Keeping Score – Score cards to track Credit Histories
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Credit Card Applications » Research » Guides » Building Credit History » Keeping Score – Score cards to track Credit Histories

Keeping Score – Score cards to track Credit Histories


Updated: December 26, 2012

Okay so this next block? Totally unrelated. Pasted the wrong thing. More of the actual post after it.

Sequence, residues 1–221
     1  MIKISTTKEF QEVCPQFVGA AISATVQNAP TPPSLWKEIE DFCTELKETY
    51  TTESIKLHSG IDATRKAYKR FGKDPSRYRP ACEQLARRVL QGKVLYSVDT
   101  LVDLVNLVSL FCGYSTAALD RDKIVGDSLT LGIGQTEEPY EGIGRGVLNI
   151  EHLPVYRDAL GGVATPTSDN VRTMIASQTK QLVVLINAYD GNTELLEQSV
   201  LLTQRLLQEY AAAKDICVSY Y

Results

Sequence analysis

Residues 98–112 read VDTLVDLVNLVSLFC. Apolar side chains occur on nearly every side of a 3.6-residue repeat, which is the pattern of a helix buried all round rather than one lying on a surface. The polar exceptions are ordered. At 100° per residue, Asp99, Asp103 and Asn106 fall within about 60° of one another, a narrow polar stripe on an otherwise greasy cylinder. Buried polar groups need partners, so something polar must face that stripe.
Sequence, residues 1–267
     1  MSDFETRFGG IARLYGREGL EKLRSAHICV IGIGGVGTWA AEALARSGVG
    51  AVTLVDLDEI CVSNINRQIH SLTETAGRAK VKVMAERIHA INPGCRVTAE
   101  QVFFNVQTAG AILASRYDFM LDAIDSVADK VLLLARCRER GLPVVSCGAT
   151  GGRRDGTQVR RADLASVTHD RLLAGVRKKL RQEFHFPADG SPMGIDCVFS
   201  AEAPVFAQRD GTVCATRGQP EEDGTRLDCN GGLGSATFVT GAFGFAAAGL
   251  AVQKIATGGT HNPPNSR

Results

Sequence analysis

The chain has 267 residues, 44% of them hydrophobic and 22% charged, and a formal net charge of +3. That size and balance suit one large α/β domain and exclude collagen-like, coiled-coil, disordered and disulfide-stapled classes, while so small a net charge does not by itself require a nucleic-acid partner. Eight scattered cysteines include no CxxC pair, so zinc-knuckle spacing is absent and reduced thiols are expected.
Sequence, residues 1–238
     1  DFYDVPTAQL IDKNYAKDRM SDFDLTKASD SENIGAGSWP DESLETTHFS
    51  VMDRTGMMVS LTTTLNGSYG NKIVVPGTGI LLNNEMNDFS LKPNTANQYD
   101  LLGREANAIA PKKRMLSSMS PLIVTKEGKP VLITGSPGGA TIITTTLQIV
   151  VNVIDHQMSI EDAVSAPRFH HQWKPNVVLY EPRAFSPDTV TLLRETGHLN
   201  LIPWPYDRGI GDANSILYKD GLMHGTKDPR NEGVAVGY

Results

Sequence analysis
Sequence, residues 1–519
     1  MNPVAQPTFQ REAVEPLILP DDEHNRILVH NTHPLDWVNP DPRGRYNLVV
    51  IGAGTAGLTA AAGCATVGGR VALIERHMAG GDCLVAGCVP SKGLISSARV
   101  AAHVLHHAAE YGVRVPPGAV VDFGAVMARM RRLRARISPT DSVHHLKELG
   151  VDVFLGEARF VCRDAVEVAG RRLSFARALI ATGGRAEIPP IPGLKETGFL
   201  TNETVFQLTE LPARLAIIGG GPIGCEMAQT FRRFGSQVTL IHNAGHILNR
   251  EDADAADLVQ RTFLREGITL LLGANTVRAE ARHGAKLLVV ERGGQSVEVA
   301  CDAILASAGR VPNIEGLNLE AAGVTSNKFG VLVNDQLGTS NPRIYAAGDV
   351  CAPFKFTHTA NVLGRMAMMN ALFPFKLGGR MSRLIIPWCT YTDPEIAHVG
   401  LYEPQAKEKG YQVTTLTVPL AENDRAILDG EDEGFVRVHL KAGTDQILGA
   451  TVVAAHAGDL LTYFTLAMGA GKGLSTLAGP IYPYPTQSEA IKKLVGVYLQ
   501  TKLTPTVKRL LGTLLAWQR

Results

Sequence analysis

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Creditors these days have a new way of ensuring the trustworthiness of their customers. Credit tracking is essentially a way of keeping track of a person's past financial record be it loan requests, payments, bank statements etc. This is believed to show up any unfavorable behavior traits that people might employ while paying back loans. What started as just a novel way of keeping track of customers has fast blossomed into a prerequisite for loan sanctions and other financial deals. The Bad credit history or adverse credit history may just about prevent a bank from sanctioning a loan. The Bad credit history or sub- prime history is computed by credit bureaus and consumer reporting agencies. These agencies put together reports based on details that creditors and money lenders provide. These details are mainly accounts of their relationship with the customer. The credit score: A tracking device The credit score is the essence of the Credit history. The score will tell if a person is a trustworthy customer or otherwise. The credit score is a mathematical algorithm that denoted, in numerical value, the "creditworthiness" of a person. They employ a statistical method to gauge the financial risk of money lending to a particular person. The higher the score, the greater the probability that the person will repay the loan. An interesting feature of the credit score is that the score dips every time a money lender makes an enquiry of that particular score. This is so, as frequent enquires indicate that the person under consideration is in a financial difficulty judging from the number of money lenders he/ she has approached. Dual Histories A person can, however, have more than one credit history. The second Credit history may not add anything substantial to the record provided by the first. For example, people applying for a loan before acquiring a Social Insurance Number (SIN) have two credit histories, one recording their financial dealings before the Social Insurance Number and one recording the financial dealings after acquiring the Social Insurance Number. The credit history itself only applies to one country. Credit Histories are not shared between countries, even if they belong to the same credit card network. A person migrating from one country to the other has to start afresh. There are three main credit bureaus that keep track of the customers' payment histories and other critical financial data. The bureau keeps a record of customer dealings and statements of payments made. These records are made available to non financial companies as well, such as housing Finance companies and credit card agencies. The Credit Information Bureau makes the information available through a credit references. Bureaus also provide references about individuals whereas Credit rating Agencies provid information about bigger players such as companies etc. Financial consultants offer advice on how one can better a bad credit history. For one, timely payments on loans taken help better bad records. Bankruptcies must be avoided at all costs.

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